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  • Ultrafast lasers control metallic electrons

Photonics Spectra
Sep 2011
Compiled by Photonics Spectra staff

GARCHING, Germany – A technique that controls the motion of electrons using very fast laser pulses, first demonstrated using gaseous atoms or molecules, has been shown for the first time to work for electrons emitted from a solid metal tip. The results could allow scientists to study electron dynamics in solid-state systems on subfemtosecond and subnanometer scales; the simple, compact and very sensitive system could lead to the development of ultrafast optical transistors.


Typical time structure of the electric field of femtosecond laser pulses. The maximum of the oscillation of the carrier wave (blue) depends upon the phase relative to the maximum of “the envelope” (green). In the left pulse, the phase difference amounts to 180°, whereas in the right pulse, 0°. Courtesy of MPQ.


Researchers at the Max Planck Institute of Quantum Optics (MPQ) showed that they can steer the emission of electrons from the metal tip with the phase of the optical cycle using relatively small laser intensities.

The researchers used a tungsten tip that was irradiated with light pulses a few femtoseconds in duration and discovered that, if the intensity of the pulse is high enough, the electrons could absorb the amount of energy needed to be released from the metal tip. With a curvature radius of about 10 nm, the extremely sharp tip greatly amplifies the intensity of the laser light. Because of their short duration, the laser pulses contain only a few cycles.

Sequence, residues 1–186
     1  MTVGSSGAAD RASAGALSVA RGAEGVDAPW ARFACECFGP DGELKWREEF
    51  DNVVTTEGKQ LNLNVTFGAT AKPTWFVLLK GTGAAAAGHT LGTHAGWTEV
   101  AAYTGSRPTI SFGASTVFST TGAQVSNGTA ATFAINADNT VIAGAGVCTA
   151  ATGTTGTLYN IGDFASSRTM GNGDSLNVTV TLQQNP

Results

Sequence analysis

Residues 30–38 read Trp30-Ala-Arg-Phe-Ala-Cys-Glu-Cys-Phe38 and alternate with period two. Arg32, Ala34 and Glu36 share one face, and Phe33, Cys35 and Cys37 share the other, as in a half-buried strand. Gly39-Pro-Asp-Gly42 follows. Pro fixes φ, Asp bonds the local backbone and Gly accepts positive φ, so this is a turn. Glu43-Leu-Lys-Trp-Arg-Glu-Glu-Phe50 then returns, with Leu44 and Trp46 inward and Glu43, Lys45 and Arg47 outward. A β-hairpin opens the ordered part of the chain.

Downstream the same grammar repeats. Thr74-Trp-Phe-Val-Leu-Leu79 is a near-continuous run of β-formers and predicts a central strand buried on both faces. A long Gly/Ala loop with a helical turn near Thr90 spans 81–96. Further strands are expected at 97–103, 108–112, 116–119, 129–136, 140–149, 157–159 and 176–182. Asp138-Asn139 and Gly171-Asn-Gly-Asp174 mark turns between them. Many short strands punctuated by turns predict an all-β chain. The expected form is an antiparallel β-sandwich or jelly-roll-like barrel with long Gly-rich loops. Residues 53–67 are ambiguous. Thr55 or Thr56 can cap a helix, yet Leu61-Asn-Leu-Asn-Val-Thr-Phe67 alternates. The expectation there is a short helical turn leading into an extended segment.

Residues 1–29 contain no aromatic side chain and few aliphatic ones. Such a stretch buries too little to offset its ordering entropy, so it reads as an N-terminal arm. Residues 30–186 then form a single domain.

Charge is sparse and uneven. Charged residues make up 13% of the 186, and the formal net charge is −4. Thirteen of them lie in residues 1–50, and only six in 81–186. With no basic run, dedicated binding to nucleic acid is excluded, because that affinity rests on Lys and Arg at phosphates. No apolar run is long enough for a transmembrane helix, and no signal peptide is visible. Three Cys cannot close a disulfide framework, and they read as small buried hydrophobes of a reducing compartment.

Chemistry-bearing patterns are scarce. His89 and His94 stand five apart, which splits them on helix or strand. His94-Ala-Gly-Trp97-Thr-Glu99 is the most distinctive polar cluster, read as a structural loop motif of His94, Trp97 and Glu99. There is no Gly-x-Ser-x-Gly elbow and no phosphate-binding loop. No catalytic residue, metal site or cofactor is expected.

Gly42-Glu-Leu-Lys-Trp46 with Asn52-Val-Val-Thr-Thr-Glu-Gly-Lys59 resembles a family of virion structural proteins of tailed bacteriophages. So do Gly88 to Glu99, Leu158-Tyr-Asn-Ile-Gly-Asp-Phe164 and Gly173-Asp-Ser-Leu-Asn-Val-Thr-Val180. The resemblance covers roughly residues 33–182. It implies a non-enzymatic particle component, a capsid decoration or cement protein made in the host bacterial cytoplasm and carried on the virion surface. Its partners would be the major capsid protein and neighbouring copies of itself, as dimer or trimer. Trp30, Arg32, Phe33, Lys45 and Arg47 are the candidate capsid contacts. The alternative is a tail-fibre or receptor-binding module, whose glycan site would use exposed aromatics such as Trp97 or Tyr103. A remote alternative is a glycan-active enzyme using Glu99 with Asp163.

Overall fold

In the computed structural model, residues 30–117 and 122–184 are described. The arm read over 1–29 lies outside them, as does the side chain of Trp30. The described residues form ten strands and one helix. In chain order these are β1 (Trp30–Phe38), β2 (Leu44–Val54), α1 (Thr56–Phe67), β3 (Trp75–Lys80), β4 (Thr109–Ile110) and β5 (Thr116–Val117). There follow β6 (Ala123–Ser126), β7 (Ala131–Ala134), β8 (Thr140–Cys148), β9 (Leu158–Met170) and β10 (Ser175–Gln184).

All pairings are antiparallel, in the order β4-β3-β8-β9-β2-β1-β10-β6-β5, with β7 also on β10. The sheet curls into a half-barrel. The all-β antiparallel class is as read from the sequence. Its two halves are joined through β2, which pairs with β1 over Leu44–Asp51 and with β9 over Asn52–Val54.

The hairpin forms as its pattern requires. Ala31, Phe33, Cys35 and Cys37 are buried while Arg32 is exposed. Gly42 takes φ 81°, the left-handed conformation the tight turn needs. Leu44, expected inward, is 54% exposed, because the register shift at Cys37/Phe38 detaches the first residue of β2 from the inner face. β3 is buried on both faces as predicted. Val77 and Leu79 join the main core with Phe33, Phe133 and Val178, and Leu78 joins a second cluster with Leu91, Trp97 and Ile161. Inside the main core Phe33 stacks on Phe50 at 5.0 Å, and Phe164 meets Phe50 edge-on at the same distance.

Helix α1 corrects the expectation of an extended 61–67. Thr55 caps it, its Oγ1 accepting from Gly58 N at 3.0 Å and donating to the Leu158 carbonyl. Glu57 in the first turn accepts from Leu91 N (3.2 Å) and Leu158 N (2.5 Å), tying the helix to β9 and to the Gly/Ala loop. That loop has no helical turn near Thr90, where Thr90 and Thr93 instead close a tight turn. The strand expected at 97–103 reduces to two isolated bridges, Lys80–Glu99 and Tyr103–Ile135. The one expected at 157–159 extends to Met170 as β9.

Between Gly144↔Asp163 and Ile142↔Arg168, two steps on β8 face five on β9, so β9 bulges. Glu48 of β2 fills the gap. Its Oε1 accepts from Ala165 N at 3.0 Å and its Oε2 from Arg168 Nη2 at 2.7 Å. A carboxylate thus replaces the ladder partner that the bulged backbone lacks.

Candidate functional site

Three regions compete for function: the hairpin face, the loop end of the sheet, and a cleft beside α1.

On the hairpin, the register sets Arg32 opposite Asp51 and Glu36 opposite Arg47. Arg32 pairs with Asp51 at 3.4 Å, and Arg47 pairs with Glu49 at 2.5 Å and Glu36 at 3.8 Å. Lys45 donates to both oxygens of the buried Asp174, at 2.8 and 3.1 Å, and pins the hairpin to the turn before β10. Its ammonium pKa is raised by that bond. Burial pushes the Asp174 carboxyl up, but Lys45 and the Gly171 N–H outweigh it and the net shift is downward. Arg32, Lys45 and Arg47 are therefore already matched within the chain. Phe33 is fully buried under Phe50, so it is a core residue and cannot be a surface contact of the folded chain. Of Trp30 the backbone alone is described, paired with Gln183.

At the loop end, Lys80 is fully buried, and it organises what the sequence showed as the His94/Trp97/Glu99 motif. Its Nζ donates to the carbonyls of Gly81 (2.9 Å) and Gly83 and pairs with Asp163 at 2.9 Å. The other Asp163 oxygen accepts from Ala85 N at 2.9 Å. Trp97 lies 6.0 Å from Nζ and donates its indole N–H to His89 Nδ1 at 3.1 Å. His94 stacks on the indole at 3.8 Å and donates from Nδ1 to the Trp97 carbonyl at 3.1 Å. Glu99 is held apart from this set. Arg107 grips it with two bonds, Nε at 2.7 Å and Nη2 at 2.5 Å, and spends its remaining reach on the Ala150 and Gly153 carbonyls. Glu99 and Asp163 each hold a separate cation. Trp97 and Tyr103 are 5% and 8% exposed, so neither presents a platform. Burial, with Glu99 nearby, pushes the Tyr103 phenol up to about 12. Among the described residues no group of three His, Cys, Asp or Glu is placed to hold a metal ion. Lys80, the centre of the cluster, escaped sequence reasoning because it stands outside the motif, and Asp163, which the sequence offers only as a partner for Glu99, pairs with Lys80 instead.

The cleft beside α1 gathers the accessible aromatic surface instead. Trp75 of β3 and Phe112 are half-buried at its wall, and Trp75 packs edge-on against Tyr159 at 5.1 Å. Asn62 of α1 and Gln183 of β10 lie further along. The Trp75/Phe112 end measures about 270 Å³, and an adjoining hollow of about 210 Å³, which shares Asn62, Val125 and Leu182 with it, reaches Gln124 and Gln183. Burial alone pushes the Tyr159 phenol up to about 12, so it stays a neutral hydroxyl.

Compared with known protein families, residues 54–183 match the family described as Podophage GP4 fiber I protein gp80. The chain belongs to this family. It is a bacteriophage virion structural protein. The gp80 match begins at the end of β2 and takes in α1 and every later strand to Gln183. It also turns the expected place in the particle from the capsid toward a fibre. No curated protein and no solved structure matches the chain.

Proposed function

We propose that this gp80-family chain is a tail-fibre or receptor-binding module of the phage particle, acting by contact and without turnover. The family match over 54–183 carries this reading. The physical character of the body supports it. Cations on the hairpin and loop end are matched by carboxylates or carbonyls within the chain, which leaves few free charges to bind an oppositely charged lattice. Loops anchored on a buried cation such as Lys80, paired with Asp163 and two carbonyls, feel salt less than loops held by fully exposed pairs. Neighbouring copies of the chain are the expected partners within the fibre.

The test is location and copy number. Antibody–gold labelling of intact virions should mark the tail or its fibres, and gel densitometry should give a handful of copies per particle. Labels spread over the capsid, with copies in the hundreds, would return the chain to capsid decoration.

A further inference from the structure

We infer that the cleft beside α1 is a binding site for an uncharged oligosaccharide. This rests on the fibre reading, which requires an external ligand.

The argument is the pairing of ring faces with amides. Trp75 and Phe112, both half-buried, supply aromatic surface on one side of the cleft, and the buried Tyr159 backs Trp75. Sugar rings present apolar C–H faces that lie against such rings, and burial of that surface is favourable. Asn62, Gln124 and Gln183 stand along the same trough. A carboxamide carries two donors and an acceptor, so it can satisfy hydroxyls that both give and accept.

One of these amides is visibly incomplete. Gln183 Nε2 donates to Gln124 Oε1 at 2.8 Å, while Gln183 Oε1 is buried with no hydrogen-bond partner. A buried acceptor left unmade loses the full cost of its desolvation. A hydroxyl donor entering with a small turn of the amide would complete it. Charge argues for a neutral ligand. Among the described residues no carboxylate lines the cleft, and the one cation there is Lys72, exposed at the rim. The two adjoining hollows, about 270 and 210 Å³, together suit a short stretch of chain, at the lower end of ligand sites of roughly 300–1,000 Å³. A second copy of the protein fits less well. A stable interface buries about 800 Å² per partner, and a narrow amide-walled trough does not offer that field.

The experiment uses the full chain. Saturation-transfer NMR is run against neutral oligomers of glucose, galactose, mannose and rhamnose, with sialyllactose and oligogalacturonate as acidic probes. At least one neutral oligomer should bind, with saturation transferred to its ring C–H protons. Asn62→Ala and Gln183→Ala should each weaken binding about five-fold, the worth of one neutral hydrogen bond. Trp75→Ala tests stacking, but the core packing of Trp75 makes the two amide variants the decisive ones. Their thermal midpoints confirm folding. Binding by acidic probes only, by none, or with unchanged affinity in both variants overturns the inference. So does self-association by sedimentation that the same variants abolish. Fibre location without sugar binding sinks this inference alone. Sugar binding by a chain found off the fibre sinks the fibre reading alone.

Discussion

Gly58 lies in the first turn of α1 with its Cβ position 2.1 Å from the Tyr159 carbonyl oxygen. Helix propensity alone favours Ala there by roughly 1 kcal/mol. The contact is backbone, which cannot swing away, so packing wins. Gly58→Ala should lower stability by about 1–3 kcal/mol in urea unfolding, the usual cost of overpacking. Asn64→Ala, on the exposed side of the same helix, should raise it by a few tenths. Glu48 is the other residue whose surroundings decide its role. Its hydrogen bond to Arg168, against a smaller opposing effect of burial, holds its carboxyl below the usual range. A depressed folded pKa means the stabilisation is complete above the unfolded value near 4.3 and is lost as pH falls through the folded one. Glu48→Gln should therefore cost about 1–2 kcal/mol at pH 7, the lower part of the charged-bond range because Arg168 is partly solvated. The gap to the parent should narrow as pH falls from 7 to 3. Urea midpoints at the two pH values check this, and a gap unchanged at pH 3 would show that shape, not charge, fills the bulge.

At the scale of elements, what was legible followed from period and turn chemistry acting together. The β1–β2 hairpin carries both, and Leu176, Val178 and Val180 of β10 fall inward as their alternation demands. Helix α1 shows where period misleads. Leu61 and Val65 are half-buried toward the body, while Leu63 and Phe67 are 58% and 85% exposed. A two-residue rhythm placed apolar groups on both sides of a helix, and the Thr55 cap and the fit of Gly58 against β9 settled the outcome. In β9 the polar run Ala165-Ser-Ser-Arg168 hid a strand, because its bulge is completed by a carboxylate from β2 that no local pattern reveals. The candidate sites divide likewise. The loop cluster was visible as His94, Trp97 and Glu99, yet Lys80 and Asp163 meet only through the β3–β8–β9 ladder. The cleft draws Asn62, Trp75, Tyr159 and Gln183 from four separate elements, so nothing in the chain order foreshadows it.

Energy spectra of electrons for different phase shifts (180° and 0°). At a phase shift of 180°, pronounced equidistant maxima are observed, whereas there is no interference structure for 0°. The insets explain the physical processes: On the left, electrons with high energies are emitted at two time intervals (red ellipse) during the pulse, leading to the quantum mechanical interference pattern of the spectrum. Instead, on the right, electron emission is possible only once per pulse; therefore, no interference can occur. In this case, however, the electrons gain on average more kinetic energy, and the number of electrons at higher energies is larger. The shallow slope of the curve between 5 and 10 eV (especially at 0°) indicates elastic re-scattering in the laser field. Courtesy of MPQ.


During the experiment, the scientists measured the kinetic energy of the emitted electrons for different phase shifts. They noted that the structure of the electron spectrum was strongly influenced by the phase shift.

“The higher the electron energy, the more we approach the situation that we are able to switch the current on or off by simply changing the phase shift by 180 degrees,” said Michael Krüger, a co-author of the paper published in the July 6 issue of Nature (doi: 10.1038/nature10196).

The researchers also observed that the chosen phase shifts determined whether pronounced peaks in the spectra could be observed. These maxima are a consequence of the quantum mechanical wave nature of electrons. Electrons could be emitted during two time intervals of the light pulse at a phase shift of 180°, and the interference of the two matter wave packets at the metal tip lead to the observed interference in the spectrum. On the other hand, if the phase shift equals 0°, the electrons would be emitted only once per pulse, making the maxima disappear, and no interference would occur.


Metal tip irradiated with a laser pulse. Courtesy of Thorsten Naeser, MPQ.


The researchers concluded that the laser field would continue to influence the motion of the electrons even after emissions from the metal tip occurred. It is implied that the released electrons would be driven back into the tip by the laser field and scatter elastically off the tip before being detected.

“As is demonstrated in the experiment, this scattering process does not destroy the interference of the electron wave packets, that means it takes place in a coherent way,” concluded co-author Markus Schenk.


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